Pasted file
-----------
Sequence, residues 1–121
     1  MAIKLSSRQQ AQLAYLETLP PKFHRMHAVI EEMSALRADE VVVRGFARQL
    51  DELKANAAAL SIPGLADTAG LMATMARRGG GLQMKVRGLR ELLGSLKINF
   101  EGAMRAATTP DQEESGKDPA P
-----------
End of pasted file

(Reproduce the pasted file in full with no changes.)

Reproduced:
Sequence, residues 1–121
     1  MAIKLSSRQQ AQLAYLETLP PKFHRMHAVI EEMSALRADE VVVRGFARQL
    51  DELKANAAAL SIPGLADTAG LMATMARRGG GLQMKVRGLR ELLGSLKINF
   101  EGAMRAATTP DQEESGKDPA P